House committee passes abortion ban amendment

Published: Aug. 2, 2022 at 7:09 PM EDT
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INDIANAPOLIS, Ind. (WNDU) - An Indiana house committee wasted no time making changes to a bill that would ban most abortions.

The House Committee on Courts and Criminal Code approved the amendment before the start of a public hearing on the bill that lasted some nine hours and included the voices of up to 140 speakers.

The amendment would put an end to abortion clinics in that it requires both medical and surgical abortions to occur at a hospital or at an outpatient facility that is owned by a hospital.

That provision was criticized for its potential to close facilities that now offer medical services and contraceptives along with abortions.

The amendment also adjusts the time frame during which pregnant victims of rape and incest will be allowed to get an abortion. The committee chose to set the limit at 10 weeks.

“I do want to address these time limits. They are not based on scientific or medical reasons, and they create an arbitrary cut off for victims of rape and incest regardless of their age,” Dr. Tracy Wilkinson with the IU School of Medicine told the committee. “If a minor is raped and becomes pregnant as a result of that rape, they will have to first recognize that they are pregnant. As my colleague Dr. Ott just explained, we know that teenagers are less likely to recognize that they’re pregnant due to irregular periods, low health literacy, shame, and guilt. In addition, we know that minors that are pregnant as a result of rape and abuse are less likely to realize they are pregnant and receive care due to the trauma and stigma that they face.”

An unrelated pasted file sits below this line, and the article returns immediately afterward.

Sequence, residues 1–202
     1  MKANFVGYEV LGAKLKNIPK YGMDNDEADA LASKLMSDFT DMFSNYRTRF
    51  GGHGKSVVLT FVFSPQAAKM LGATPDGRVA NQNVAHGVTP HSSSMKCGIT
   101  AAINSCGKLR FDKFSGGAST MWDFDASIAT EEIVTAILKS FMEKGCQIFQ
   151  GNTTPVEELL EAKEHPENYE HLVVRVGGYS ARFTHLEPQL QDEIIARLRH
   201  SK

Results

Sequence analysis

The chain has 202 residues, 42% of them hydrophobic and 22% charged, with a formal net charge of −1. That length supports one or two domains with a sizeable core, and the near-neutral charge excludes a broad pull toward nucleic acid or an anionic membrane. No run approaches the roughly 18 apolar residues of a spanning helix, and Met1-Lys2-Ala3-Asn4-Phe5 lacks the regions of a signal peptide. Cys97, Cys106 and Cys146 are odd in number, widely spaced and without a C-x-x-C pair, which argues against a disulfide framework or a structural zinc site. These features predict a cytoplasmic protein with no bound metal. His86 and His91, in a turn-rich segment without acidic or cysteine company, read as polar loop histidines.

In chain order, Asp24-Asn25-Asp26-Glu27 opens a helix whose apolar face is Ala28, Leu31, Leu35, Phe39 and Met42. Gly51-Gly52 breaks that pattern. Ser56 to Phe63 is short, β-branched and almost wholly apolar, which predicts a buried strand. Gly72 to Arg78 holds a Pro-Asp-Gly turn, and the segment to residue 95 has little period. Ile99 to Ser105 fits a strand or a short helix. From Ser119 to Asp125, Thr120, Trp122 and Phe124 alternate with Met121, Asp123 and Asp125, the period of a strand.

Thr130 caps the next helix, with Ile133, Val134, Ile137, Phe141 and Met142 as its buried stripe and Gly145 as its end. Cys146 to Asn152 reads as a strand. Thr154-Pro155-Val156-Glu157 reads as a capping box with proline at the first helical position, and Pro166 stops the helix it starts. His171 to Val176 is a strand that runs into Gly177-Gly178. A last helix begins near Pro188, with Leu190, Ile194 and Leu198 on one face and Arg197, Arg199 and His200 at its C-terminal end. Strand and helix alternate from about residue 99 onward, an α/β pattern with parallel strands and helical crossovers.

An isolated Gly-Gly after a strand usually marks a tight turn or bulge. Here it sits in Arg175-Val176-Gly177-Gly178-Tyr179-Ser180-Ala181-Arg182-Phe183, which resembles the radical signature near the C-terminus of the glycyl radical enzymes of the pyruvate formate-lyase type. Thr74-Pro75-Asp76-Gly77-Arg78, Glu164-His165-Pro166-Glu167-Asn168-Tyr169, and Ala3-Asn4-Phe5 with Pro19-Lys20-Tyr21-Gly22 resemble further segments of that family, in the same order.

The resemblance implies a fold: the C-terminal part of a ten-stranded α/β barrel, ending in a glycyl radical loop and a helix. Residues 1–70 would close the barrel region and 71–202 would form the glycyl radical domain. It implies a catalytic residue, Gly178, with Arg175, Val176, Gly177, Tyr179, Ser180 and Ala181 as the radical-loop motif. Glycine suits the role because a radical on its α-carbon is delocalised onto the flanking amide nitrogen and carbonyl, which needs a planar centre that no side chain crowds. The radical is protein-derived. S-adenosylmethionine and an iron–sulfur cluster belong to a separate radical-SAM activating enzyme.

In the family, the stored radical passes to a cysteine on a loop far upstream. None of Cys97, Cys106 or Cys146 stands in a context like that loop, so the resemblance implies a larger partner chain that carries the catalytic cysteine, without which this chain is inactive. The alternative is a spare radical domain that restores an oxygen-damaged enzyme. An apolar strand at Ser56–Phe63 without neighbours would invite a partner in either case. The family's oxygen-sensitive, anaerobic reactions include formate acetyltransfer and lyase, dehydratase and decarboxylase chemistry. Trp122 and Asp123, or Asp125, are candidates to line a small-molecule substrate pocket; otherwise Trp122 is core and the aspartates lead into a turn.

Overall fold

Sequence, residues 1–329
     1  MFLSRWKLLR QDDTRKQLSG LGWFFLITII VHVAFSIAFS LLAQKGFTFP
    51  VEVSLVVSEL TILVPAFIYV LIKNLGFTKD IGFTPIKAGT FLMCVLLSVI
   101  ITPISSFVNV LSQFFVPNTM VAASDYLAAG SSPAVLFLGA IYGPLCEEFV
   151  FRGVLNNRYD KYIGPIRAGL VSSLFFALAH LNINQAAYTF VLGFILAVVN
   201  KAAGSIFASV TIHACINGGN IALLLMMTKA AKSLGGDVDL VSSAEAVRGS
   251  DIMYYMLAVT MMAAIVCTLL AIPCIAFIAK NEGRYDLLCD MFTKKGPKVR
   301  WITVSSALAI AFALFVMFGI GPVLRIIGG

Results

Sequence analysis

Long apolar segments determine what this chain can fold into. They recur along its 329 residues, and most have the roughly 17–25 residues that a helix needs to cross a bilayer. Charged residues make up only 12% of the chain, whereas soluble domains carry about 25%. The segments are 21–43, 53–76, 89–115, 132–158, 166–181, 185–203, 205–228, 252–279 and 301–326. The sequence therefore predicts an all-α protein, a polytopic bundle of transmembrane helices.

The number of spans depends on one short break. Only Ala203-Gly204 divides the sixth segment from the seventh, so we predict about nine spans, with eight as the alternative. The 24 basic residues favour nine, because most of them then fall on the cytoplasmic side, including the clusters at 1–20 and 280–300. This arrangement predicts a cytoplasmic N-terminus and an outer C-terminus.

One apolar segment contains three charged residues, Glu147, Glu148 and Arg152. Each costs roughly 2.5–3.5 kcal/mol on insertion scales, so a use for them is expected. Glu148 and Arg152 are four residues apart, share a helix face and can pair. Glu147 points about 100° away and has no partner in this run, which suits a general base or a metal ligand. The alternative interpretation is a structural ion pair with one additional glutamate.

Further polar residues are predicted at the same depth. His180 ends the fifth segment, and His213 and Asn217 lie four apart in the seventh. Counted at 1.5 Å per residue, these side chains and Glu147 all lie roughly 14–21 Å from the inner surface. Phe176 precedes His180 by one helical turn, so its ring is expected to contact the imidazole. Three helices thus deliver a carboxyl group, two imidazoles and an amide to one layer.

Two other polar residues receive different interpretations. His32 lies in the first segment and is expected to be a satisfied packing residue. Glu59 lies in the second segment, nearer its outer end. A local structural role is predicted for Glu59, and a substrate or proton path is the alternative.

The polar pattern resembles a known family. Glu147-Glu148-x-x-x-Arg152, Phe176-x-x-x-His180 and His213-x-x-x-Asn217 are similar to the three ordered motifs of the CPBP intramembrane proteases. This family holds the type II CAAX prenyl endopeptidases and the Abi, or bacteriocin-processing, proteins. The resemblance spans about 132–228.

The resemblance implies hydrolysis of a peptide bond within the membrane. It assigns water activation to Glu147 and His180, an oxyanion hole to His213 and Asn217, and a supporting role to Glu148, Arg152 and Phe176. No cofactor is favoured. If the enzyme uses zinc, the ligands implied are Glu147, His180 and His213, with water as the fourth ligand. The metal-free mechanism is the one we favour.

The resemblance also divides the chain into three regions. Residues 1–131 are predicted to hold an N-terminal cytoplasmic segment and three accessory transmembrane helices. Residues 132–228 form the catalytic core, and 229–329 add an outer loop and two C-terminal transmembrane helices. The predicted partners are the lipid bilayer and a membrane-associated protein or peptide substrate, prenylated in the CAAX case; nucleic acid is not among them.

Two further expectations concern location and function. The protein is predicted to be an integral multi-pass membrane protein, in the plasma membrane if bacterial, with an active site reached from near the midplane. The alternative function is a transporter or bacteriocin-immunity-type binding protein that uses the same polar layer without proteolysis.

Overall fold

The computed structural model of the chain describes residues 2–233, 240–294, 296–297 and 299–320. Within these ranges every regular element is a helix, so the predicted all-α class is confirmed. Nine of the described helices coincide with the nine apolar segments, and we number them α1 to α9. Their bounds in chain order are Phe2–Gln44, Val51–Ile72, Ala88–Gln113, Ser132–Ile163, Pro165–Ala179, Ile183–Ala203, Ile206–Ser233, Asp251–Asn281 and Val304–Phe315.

The committee believes that if the bill is passed it would stop “95 plus percent” of the abortions now being carried out in Indiana.

Still, activists on both sides are reluctant to endorse it.

One committee member on Tuesday asked one speaker who made it known he preferred an abortion ban with no exceptions: “Do you think that we should pass anything when we have the opportunity to do that?”

The response was: “If it was me, what I would tell you is I would not vote and take part in approving something that’s still murder. I would not have my hand on ink approving murder.”

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